Solo living is becoming more difficult for younger generations, especially for millennials who are struggling to afford rising home prices if they are burdened with student loan debt. And with rental prices rising as well, even solo renting is not a realistic option for some.
According to Zillow, a doubled-up household is defined as two or more working-aged adults who live together, but are not married or in a relationship. Shared living, such as cohabitating with roommates or parents, is a way to cut down on costs and living expenses—a route many young professionals are choosing to take. According to a recent Zillow analysis, 30 percent of adults across the country are either living with their parents or a roommate—this number has grown by 8 percentage points since 2000. In the late 1990s, only 23 percent of adults cohabitated.
“As rents have outpaced incomes, living alone is no longer an option for many working-aged adults,” says Aaron Terrazas, senior economist at Zillow. “By sharing a home with roommates—or in some cases, with adult parents—working adults are able to afford to live in more desirable neighborhoods without shouldering the full cost alone. But this phenomenon is not limited to expensive cities. The share of adults living with roommates has been on the rise in historically more affordable rental markets, as well. Unless current dynamics shift and income growth exceeds rent growth for a sustained period of time, this trend is unlikely to change.”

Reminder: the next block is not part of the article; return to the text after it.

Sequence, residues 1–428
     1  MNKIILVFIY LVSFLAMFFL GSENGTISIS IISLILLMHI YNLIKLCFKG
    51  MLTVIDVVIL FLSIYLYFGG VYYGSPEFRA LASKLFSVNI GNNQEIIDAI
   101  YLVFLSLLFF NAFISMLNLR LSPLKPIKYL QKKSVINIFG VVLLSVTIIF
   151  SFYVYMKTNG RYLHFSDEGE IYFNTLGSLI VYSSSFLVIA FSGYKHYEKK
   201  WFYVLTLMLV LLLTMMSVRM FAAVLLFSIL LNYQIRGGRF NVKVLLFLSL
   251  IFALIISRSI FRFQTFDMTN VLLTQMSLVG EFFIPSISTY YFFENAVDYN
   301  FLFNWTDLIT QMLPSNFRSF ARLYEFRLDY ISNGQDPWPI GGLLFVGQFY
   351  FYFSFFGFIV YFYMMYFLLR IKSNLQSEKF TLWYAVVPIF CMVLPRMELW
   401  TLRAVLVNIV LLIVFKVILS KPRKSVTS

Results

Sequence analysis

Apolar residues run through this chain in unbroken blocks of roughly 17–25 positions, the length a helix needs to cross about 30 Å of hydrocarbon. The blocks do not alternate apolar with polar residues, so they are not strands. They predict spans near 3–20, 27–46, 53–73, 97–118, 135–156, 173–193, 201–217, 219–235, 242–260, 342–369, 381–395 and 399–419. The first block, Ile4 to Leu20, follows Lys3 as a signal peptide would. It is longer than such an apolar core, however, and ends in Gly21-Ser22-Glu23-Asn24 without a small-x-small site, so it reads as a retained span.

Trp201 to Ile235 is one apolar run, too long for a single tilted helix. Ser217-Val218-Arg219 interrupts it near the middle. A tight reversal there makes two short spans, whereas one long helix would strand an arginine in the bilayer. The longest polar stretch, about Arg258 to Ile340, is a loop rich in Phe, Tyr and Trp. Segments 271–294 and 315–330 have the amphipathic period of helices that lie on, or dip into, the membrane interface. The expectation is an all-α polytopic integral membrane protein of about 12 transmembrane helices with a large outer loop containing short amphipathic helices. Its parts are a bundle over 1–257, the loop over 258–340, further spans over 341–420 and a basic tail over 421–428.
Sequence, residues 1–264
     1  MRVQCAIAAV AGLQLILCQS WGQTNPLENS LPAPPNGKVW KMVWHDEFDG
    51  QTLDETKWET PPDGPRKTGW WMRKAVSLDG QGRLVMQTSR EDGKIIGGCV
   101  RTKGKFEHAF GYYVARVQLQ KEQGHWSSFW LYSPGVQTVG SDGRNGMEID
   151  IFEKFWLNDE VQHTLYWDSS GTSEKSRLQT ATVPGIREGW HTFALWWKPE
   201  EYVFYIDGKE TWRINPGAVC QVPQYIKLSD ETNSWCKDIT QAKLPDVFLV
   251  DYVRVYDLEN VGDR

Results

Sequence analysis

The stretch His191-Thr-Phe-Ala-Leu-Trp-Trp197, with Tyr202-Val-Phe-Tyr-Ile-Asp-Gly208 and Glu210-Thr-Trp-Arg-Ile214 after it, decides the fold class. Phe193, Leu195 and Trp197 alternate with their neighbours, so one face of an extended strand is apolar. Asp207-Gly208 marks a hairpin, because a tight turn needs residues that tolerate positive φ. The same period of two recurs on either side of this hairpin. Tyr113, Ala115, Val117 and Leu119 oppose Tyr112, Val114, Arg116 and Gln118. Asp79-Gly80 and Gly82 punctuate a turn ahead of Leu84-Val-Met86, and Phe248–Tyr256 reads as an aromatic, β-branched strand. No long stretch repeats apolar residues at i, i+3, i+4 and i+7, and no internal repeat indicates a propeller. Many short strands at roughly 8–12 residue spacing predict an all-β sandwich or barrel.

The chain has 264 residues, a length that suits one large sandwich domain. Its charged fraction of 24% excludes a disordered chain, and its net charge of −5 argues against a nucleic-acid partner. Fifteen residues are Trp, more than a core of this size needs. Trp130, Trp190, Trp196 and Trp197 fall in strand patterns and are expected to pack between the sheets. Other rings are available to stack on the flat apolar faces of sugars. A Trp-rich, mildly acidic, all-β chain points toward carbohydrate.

Typically, the areas with the highest number of cohabitating adults directly relates to the most expensive rental markets. For example, Los Angeles, which tops the list of cohabitating adults percentage-wise, has a median rent of $ 2,270 per month—one of the most expensive rental markets in the nation, according to Zillow. Here are the top 10 metros with the highest percentage of adults living in doubled-up households:
- Los Angeles-Long Beach-Anaheim, Calif. (45.5 percent)
- Riverside, Calif. (43.7 percent)
- Miami-Fort Lauderdale, Fla. (41 percent)
- New York, N.Y. (40 percent)
- San Jose, Calif. (38.6 percent)
- San Francisco, Calif. (38.5 percent)
- San Diego, Calif. (37.9 percent)
- San Antonio, Texas (37.2 percent)
- Las Vegas, Nev. (36.4 percent)
- Orlando, Fla. (35 percent)
Zillow reports that the most likely catalyst for the roommate escalation is the inability for young professionals to find high-wage jobs regardless of their high education levels. While this household trend is predicted to remain a popular option for years to come, Zillow is seeing an increase in cohabitating with family members, rather than friends or other roommates.
For more information, please visit www.zillow.com.
Liz Dominguez is RISMedia’s associate content editor. Email her your real estate news ideas at firstname.lastname@example.org.
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